Mr William Gordon Welchman

View certificate of service

FO Civilian, TSAO
Summary of service
Bletchley Park September 1939 - 1945. Hut 6, Block D(6) and Block F. Head of Hut 6 Registration Section, later Head of Hut 6. From September 1943 Head of Machine Co-ordination and Development Section. From March 1944 Assistant Director (Machines and Mechanical Devices) (AD(Mch)).
Commemorated On The Codebreakers Wall
Cambridge - Trinity College, Sidney Sussex College (Fellow).
Great Brickhill and Loughton.
Published references
Welchman, 1982 (author);
Gordon Welchman 1906 - 1985

Within a few weeks of the outbreak of World War 2, Gordon Welchman had reinvented a way of breaking Enigma, which he was then told Bletchley Park was already working on, having learnt about it from the Poles. Welchman then insisted that urgent action be taken to prepare for mass production as soon messages would be being read in large numbers. Edward Travis took notice, and successfully argued the case in Whitehall. Gordon was then appointed to lead the Enigma decryption team that was set up in Hut 6, following their success in reading Enigma in January 1940. He led his ever increasing team with great success. By 1943, every day it was breaking 20 or more keys and producing thousands of decrypts. In September 1943 he was given responsibility for mechanisation work across Bletchley Park.

William Gordon Welchman was born on 15 June 1906 near Bristol. He was educated at Marlborough and Trinity College, Cambridge, achieving a double first in mathematics. He taught at Cheltenham for a year, before returning to Cambridge as a Fellow of Sidney Sussex College in 1929. He became an expert in geometrical mathematics, and Junior Dean of his college.

He was recruited to attend the GCCS short-course in cryptology in 1938. Welchman joined Bletchley Park on Monday 4 September 1939. He was assigned to work in the Research Section who was working to break the German Enigma machine codes under the Dilly Knox. Welchman was sent to Elmers School House to study ‘traffic analysis’, soon realising that it should be possible to break Enigma using the repeated encrypted indicator letters sent by the Germans to tell their Enigma operators how to set up their machines. But when he proposed this to Dilly Knox, he was told that they were already working to prepare the perforated-sheets to make use of this method, as they had learnt about it from the Poles.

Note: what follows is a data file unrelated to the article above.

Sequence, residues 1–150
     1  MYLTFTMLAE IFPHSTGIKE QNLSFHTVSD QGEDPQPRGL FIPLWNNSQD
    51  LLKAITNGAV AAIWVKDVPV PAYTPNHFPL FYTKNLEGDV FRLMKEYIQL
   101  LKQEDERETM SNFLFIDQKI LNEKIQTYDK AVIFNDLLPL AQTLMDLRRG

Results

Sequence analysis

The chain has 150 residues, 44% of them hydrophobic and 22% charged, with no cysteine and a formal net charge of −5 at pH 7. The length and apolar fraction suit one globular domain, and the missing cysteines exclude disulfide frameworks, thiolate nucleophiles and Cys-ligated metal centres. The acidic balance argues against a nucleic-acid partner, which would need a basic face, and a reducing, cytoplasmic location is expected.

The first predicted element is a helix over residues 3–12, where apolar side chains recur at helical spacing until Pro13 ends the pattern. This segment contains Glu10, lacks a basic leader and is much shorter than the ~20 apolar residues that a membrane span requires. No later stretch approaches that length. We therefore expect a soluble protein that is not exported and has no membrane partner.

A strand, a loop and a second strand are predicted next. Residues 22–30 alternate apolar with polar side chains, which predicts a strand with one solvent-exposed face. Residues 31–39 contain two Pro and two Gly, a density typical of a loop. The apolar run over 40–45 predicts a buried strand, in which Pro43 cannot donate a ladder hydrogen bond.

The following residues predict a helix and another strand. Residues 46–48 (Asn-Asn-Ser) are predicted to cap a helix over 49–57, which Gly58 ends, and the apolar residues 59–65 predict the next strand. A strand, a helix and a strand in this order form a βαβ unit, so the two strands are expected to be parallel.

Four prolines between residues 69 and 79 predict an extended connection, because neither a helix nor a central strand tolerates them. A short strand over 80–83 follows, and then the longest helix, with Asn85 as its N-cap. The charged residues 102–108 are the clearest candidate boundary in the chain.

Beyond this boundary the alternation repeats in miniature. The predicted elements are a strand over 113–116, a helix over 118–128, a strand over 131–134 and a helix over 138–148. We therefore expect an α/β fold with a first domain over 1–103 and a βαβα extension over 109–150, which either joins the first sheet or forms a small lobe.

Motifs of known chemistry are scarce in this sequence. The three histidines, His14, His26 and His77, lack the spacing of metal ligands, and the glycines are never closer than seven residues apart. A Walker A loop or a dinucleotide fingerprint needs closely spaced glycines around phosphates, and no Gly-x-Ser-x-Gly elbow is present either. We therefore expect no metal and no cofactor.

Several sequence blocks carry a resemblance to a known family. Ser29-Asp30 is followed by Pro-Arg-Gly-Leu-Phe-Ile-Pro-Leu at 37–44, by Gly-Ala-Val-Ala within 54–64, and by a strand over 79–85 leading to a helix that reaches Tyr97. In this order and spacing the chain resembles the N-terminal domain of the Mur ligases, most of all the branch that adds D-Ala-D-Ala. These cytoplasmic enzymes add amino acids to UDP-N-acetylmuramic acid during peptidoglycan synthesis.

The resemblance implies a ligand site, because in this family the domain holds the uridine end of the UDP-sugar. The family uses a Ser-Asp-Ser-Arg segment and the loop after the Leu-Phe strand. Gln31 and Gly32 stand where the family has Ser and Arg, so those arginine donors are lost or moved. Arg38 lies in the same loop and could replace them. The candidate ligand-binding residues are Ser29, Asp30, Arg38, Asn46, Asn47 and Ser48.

Welchman successfully lobbied Edward Travis about the need to prepare for the flood of decrypts that they would soon be generating. Welchman was proposing a revolution in codebreaking, akin to the mass-production revolution. Soon after the first break at Bletchley Park was achieved on about the 20 January 1940, Hut 6 was set up to handle the decryption of German Army & Luftwaffe Enigma. It soon became apparent that Welchman was the natural leader of the Hut. He continued to lead the hut throughout all the months of the build-up, as Hut 6 expanded from a couple of dozen staff into a team of several hundred. By the time he was promoted away to look after all the mechanisation work of Bletchley Park, each day his hut was attacking 20 or more Enigma keys and producing several thousand decrypts a day. Initially they used the Zygalski sheet method, then the ‘cillies’, and after August 1940 cribs and the Bombes, for which Welchman had proposed a vital modification. The decrypts they produced were a major part of the Bletchley Park success.

Welchman had proved himself a man of vision, an outstandingly capable organiser and manager, as well as a creative ideas man. He seems to have got on well with almost everyone at Bletchley Park. After the war, Welchman went to work in the USA on defence data handling projects at the fore-front of the digital revolution. In 1982 he published his ‘The Hut 6 Story’ to official disapproval but much public acclaim. He died on 8 October 1985 in Massachusetts, USA. Sir Stuart Milner-Barry, his deputy & successor in Hut 6, has said that ‘if Gordon Welchman had not been there, I doubt if Ultra would have played the part it undoubtedly did in shortening the war’.

Soon after the end of the war he took Hugh Alexander’s old post as Director of Research for the John Lewis partnership, but moved to the USA in 1948 to be at the heart of the fast developing digital revolution. He took a post at Massachusetts Institute of Technology, lecturing on the first computer course there, with spells at Remington Rand and Ferranti before coming back to the MIT non-profit spin off, the Mitre Corporation, who were working on a large scale air defence data handling project. Welchman acted as a sort of Chief Scientist, working for Mitre from 1962 until he formally retired in 1971, though he continued as a consultant to them until 1982. It was in that year that his famous book ‘The Hut 6 Story’ was published. Acting on the assumption that the publication of Freddie Winterbotham’s ‘The Ultra Secret’ had removed the obligation to secrecy that he had maintained for 37 years, he was surprised by the official disapproval that greeted the book’s publication, which included the removal of his security clearance.